• Be proactive in leading the pack to support R&D and business strategy to meet the sustainability agenda.
  • Open doors and minds to great new opportunities in working with the new economy to promote good-world policies.
  • Build up service offerings to lead the charge in the new-age economy.
  • Generate cutting-edge studies and analytics to support corporate IP Strategy.
  • Help clients in this space to succeed in business and make a more significant impact.

The role of IP service providers is bound to increase in the circular economy to encourage more innovations. Here’s what IP service providers can do to facilitate the expansion of the circular economy:

  • Geographical indicators (GIs) are IPRs that identify a product that originates from a specific geographical area and has a quality, reputation, or other characteristics that are essentially attributable to its geographical origin. IP services providers can promote these GIs to help distinguish businesses employing advanced, green products for customers to make better purchasing decisions.
  • IP service providers should help advance, develop, lead and turn around the economies of developing nations, not just the developed ones.
  • They can also help bring about a significant paradigm shift with the emergence of new stakeholders, such as youth, politicians, and ordinary people.
  • IP service providers can look beyond IP ownership and consider who else benefits from the innovation.
  • The world saw an unprecedented level of cooperation across public and private ecosystems despite the rapid and disrupted change. IP service providers can make this cooperation a norm to boost innovations.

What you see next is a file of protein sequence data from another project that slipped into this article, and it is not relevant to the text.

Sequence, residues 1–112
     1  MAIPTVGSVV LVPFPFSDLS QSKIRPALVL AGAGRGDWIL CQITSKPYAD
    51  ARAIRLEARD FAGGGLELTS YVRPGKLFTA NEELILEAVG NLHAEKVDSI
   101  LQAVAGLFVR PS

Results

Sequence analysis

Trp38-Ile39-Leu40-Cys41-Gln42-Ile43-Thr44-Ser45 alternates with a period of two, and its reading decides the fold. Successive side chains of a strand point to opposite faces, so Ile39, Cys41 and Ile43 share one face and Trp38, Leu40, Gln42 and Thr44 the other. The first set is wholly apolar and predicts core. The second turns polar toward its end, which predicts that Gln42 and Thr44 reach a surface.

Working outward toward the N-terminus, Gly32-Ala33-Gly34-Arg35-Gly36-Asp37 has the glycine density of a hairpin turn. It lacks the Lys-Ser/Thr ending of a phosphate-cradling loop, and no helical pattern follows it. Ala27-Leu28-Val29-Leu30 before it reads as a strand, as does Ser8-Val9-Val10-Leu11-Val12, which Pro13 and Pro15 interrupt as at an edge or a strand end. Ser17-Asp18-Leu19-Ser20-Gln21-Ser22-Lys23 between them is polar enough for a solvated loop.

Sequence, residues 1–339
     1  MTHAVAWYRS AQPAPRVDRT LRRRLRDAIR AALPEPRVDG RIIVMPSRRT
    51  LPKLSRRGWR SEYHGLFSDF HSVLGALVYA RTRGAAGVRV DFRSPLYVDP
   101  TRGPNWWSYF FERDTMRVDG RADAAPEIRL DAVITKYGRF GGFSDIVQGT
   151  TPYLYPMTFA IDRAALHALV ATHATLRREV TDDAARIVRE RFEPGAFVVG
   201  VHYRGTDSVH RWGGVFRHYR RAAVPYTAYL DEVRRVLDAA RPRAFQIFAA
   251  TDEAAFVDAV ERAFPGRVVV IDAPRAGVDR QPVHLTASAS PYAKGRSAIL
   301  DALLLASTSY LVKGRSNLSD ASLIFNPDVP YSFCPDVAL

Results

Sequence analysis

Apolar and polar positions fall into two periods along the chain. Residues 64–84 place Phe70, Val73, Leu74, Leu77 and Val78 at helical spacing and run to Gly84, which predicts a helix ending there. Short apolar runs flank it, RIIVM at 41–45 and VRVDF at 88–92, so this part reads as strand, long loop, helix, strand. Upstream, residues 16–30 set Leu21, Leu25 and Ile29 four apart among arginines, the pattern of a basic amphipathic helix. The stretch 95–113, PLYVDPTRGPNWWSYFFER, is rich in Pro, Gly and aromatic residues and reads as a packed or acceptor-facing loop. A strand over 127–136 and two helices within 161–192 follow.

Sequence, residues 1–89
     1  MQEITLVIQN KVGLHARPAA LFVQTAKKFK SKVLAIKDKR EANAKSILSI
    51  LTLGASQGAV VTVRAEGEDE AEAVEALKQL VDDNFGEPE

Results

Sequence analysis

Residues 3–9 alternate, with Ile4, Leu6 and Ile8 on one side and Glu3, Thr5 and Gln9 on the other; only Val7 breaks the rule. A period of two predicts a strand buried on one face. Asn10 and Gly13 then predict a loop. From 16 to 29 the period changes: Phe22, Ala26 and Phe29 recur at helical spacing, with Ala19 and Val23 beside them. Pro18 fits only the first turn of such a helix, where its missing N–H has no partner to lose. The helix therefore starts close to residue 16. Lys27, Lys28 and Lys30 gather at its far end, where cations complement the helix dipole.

• Identifying, protecting, and valuing core IP can help green tech companies invest in further R&D, and diffuse their tech through partnerships and co-initiatives.
  • These service providers can also help raise growth capital with IP as collateral in order to accelerate market entry.
  • IP consulting companies can facilitate joint green initiatives by ring-fencing, valuing IP, and committing to the relevant IP.
  • Climate change adaptation will be necessary to remedy climate-related damage. The Cooperative Patent Classification (CPC) system was launched in 2013, with the addition of section Y, where class Y02 represents innovations or applications for climate change adaptation. IP service providers expert in the domain can be hugely beneficial for companies innovating in the space.
  • At COP26, the alternatives for transferring mitigation actions between countries and private parties were defined to open the possibility for market mechanisms to facilitate the implementation of mitigation measures. IP service provider’s can aid in increasing technological development to align with sustainable development in the coming years.

Conclusion

The world needs fully sustainable, closed-loop systems in which resources are reused, recycled, re-purposed, re-generated, and re-distributed wherever feasible. We can close the loop and create a truly circular economy by beginning to perceive waste as a resource of equal or greater value than those used to make it. The circular economy can also improve customer satisfaction and loyalty by making them feel proud of their purchasing choices, and IP rights can significantly help in moving industrial sectors toward more sustainable models. Please visit our Future of IP page to learn about our other Leadership Talks and insights into the latest developments in the intellectual property space.

– Yaron Damelin (Global Advisory Council Member) and the Editorial Team